That next Saturday, my mom, stepdad, dog and I loaded up our stuff into my mom’s minivan to make the six hour road trip to Raleigh, North Carolina, where I would be getting my second chance. This time, we handled the entire process better, in my opinion. I filled out my paperwork in advance, printed out a picture of myself at Walgreens to include with the paperwork, and picked out a better audition song with my mom. Our hotel was directly across the street from where the auditions were being held. I got butterflies in my stomach as we drove past the “American Idol” bus when checking into the hotel. My second chance was here.

My mom and I woke up even earlier that Sunday morning than we did the previous Friday and were out of the hotel and in line for auditions by 6:30 a.m. There were about 250 people there and this time we were lined up outside, instead of inside like in Macon. We were toward the front of line two, out of what ended up becoming four lines full of people. 

This time, before auditions started, the producers wanted to get a bunch of shots of the bus making its way down the street while the thousands of hopeful contestants cheered. They filmed everything they could: close-ups of the bus, overhead shots, drone shots of the whole crowd, and certain sections of people cheering. They tended to focus on the section including me and about 10 other people a lot. They brought up some random guy from the back of the line and got a bunch of footage of him dancing while our group cheered him on. This whole filming process took over two hours.

After things finally started, auditions seemed to go by way quicker than the ones in Macon. Everything was structured the same as it was in Macon, except it was all outside now. Soon enough, I was in my group of four and next in line to audition. I was in the first half of people auditioning for the day and they had already given out seven golden tickets, which meant my odds of making it were very slim. I got to the judge’s table and sang with all my might. I knew I had lost my chance when the judge said “thank you, that was really pretty,” and I stepped back into line. She didn’t ask me for another 30 seconds. Then she asked the four of us to come up to the table and I knew it was over. I heard the same speech I heard the week before and I was told to audition again next year.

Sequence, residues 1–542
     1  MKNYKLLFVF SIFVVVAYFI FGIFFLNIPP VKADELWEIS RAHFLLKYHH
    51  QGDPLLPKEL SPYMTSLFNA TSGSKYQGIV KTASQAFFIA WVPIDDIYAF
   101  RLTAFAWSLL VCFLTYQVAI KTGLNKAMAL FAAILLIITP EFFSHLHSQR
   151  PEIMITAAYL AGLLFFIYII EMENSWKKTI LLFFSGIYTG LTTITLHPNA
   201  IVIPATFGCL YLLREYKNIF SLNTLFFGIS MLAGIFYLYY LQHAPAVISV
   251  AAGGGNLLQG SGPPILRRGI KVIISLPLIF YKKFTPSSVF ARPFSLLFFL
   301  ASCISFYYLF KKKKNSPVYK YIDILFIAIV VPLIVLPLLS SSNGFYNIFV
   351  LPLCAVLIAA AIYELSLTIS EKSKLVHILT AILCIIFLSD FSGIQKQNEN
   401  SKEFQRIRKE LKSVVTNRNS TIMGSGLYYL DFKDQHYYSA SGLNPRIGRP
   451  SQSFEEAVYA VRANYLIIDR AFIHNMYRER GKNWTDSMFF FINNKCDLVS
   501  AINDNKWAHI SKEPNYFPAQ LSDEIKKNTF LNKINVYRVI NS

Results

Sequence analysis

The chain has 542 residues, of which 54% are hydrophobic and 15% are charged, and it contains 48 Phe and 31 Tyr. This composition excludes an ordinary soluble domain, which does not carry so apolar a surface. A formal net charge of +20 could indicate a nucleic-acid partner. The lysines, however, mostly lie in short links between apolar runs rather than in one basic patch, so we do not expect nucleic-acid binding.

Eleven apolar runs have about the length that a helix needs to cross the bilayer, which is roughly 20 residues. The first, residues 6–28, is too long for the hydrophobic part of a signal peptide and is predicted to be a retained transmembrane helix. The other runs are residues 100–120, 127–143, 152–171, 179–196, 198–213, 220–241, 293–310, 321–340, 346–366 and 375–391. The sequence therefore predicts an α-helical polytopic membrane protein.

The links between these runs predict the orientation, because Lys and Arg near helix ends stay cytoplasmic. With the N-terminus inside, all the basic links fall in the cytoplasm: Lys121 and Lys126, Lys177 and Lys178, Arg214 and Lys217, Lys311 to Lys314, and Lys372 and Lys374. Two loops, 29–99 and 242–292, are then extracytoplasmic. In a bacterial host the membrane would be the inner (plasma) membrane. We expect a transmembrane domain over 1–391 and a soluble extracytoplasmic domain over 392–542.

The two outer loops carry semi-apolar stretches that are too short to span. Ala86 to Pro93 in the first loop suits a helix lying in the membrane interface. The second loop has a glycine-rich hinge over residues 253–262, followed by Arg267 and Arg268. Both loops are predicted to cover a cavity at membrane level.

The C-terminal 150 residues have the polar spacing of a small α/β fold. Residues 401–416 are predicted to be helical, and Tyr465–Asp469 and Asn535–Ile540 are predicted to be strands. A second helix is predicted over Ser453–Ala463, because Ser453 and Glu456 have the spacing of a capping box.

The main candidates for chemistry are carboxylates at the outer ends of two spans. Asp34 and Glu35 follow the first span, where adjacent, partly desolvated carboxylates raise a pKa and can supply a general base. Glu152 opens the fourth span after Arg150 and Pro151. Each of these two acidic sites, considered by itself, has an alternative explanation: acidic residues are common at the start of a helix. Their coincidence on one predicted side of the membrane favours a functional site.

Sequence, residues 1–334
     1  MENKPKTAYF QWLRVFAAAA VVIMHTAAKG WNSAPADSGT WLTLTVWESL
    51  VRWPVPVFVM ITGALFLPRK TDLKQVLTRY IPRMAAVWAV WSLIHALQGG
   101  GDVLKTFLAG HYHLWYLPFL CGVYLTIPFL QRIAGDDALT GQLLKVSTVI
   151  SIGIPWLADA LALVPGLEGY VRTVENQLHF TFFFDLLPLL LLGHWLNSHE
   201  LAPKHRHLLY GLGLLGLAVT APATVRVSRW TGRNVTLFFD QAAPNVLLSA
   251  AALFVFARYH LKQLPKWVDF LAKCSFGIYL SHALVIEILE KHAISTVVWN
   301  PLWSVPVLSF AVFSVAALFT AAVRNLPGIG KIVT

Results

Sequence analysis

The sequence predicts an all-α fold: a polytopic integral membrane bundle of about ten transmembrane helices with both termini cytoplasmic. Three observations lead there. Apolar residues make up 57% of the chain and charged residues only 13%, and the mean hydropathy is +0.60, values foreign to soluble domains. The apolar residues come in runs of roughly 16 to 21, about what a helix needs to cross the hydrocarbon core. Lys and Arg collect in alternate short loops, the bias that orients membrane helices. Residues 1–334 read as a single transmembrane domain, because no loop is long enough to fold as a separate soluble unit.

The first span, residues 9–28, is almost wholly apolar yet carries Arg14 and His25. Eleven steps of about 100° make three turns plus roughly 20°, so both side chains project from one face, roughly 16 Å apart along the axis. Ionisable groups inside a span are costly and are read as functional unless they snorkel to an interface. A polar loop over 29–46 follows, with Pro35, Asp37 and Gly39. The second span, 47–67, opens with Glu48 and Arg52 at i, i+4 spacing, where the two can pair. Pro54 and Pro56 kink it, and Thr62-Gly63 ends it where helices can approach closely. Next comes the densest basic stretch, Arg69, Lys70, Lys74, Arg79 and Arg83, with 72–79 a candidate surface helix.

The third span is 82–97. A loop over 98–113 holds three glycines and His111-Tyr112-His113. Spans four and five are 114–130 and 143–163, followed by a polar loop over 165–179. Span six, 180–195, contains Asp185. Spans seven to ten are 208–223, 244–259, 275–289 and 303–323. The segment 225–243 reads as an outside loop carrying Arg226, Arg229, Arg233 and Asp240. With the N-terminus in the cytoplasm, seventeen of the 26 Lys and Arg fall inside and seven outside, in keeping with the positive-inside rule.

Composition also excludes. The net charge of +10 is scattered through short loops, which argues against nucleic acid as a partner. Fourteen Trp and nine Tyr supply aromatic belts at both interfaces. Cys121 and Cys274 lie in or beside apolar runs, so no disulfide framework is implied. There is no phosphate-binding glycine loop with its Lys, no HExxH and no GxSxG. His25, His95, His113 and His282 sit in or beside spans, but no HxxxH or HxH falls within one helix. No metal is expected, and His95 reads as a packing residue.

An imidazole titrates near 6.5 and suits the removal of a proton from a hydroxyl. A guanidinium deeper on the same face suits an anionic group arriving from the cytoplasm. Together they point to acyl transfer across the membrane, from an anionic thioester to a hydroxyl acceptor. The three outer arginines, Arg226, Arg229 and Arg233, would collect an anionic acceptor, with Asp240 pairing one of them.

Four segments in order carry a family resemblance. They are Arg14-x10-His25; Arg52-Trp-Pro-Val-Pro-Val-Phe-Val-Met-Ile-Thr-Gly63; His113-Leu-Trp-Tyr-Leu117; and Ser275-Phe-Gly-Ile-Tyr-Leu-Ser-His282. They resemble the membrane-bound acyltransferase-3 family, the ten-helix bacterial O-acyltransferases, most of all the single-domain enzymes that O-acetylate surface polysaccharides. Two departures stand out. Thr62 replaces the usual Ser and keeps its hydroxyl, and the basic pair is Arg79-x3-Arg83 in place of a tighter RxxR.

Even though I didn’t pass either of my auditions, the whole process I went through was really humbling and motivation to do better as a performer. I learned what my strengths and weaknesses were as a performer and saw examples of what I needed to do to make it on the show next year. Overall, “American Idol” is a TV show first and a singing competition second. While they say they’re looking for a good voice, which is true, they’re mostly looking for someone with a unique personality and will pull in good ratings for the show. Less than one percent of auditionees actually make it to the celebrities, much less onto the actual show. While I’m most likely going to try again next year, I definitely learned that there are other ways to make a name for yourself in music that don’t totally rely on the facade of reality television. It sounds cliche, but as long as you work hard and make quality music, you still have as much of a chance as those that wait in line for five hours to audition for reality TV, like me.